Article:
Having recently built a new gaming desktop, I still had enough components that weren't reused to decide what to do with them. I'd also been meaning to build some sort of server setup for a while, so it proved a good opportunity to convert my old desktop into a server.
This is a follow on from my previous blog post about capturing screenshots with Rust + OpenGL. While the previous article most revolved around the process of actually capturing the rendered pixel data for my OpenGL application, this time around I will focus on the process of actually validating the screenshots.
One ongoing area of side projects for me has been game development. It's an area which I've often found interesting, and while the only games I've completed so far have been small games for Ludum Dare with the deadline hanging over, I've often had a few larger side projects running around.
In general for these side projects, I tend to write a lot of the lower level code myself, mostly because it's something that I enjoy learning about. Part of this means that I can't just rely on the framework or engine rendering my game correctly, and instead need some way to test it. Unit tests clearly aren't enough here, while they can verify that I'm calling the functions I expect, they really can't verify that this results in something cohesive being rendered to the screen.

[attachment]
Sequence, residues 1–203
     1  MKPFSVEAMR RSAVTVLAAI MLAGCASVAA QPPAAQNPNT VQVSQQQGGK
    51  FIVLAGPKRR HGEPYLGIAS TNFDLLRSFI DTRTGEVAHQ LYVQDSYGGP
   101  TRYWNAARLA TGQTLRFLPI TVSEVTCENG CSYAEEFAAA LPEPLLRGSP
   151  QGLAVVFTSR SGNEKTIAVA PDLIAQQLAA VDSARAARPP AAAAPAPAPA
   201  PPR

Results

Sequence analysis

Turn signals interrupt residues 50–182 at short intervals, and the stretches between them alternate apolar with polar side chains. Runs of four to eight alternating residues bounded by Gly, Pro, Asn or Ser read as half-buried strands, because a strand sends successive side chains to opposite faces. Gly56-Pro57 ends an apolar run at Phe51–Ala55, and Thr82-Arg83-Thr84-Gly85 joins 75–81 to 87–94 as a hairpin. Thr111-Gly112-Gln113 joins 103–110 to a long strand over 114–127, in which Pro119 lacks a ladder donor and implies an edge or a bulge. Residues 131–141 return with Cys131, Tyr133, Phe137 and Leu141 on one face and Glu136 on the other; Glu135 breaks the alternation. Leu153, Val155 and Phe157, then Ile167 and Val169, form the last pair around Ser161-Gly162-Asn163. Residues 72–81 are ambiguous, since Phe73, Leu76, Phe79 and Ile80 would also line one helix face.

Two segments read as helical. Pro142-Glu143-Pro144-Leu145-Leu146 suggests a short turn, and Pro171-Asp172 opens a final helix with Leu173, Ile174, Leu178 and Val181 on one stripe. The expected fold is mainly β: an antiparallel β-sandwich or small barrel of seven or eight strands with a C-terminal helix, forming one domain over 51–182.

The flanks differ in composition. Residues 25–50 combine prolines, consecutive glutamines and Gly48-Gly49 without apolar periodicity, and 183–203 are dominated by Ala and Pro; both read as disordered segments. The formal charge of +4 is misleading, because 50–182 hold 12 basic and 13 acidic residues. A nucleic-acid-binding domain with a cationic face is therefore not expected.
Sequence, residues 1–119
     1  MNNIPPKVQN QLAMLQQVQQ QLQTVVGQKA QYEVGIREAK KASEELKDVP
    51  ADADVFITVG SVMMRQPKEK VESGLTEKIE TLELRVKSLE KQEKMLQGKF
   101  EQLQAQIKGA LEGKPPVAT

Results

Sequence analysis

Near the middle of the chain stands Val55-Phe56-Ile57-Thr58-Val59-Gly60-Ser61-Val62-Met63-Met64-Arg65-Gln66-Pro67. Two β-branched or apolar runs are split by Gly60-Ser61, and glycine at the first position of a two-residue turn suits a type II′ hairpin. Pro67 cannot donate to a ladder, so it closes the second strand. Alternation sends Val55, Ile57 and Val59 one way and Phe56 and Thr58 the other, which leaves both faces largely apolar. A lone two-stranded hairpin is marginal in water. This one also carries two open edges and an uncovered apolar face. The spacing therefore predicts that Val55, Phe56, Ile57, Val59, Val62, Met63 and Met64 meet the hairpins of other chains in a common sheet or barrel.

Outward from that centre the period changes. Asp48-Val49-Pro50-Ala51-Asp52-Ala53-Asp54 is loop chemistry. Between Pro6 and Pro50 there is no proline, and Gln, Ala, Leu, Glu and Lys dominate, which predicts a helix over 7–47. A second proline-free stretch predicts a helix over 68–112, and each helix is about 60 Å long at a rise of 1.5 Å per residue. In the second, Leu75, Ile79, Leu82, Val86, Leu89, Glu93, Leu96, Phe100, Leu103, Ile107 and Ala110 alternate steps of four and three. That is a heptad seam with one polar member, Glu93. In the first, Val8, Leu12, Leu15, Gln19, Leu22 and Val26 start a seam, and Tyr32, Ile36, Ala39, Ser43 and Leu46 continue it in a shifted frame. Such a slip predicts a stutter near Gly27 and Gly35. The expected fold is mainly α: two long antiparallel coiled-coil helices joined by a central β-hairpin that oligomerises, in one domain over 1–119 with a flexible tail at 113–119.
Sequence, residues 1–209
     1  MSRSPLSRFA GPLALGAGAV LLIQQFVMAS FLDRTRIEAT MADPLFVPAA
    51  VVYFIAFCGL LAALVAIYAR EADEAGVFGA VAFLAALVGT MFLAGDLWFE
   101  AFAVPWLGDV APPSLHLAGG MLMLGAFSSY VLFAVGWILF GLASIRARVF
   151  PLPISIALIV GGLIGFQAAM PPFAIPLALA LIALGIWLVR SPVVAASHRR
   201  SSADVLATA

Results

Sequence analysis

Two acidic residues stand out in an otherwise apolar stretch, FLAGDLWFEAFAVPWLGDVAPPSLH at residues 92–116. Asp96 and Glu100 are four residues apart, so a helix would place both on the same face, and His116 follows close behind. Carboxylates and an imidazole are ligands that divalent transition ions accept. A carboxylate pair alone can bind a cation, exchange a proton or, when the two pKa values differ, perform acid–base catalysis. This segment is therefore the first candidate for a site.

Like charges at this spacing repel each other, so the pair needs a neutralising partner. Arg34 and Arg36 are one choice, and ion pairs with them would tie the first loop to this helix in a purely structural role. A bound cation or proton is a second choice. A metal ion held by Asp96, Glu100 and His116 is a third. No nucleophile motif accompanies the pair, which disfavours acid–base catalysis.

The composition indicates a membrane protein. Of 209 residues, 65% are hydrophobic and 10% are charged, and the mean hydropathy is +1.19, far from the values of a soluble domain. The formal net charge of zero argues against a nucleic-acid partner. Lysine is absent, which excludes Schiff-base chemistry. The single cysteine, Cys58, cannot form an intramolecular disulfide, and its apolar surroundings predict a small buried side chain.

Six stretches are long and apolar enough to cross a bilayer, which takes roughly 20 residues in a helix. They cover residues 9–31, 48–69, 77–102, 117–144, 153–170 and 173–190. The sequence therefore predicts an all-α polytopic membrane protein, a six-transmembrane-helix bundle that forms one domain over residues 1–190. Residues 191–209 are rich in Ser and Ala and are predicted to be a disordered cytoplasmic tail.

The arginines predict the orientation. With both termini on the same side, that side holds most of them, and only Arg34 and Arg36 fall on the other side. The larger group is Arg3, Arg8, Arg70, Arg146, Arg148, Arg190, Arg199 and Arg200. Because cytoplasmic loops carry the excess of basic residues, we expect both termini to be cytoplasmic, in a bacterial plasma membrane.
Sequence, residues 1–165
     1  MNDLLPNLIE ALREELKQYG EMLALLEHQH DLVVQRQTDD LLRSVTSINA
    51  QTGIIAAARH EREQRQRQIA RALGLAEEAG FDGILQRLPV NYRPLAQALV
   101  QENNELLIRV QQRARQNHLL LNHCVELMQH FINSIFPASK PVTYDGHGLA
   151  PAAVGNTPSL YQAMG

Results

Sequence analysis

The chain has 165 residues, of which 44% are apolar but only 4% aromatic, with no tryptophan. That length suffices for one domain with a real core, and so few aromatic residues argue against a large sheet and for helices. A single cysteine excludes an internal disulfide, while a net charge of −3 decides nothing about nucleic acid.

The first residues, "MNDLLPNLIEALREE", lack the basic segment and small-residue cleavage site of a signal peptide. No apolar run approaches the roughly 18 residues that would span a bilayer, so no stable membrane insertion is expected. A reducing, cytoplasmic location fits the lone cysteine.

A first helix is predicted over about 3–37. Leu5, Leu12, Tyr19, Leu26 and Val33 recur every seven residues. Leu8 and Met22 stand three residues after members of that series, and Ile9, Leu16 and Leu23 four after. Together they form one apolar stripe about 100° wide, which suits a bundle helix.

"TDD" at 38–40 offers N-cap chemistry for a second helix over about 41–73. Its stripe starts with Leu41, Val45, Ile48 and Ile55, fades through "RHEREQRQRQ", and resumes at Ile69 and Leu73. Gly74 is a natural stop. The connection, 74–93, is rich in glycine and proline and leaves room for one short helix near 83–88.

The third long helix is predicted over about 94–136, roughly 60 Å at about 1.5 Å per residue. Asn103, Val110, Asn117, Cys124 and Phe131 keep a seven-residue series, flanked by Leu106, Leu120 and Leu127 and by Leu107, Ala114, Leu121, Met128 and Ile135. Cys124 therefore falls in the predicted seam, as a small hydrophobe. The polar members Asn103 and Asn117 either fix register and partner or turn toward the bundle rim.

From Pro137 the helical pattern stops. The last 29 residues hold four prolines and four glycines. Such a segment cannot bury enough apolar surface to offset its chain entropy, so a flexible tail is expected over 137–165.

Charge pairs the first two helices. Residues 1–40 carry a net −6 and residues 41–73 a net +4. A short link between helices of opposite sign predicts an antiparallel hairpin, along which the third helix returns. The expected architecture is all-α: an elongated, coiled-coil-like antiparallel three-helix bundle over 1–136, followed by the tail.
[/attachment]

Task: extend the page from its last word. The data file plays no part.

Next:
Inspired by tools that exist in my day job of web development like Percy, I decided to take the approach of comparing screenshots taken to reference screenshots.
For some reason, I was under the impression that Factorio had used a similar approach and detailed it in one of their FFF blogs, but when researching for this blog post, I was unable to track this down. They certainly perform integration testing but it appears screenshots are not involved.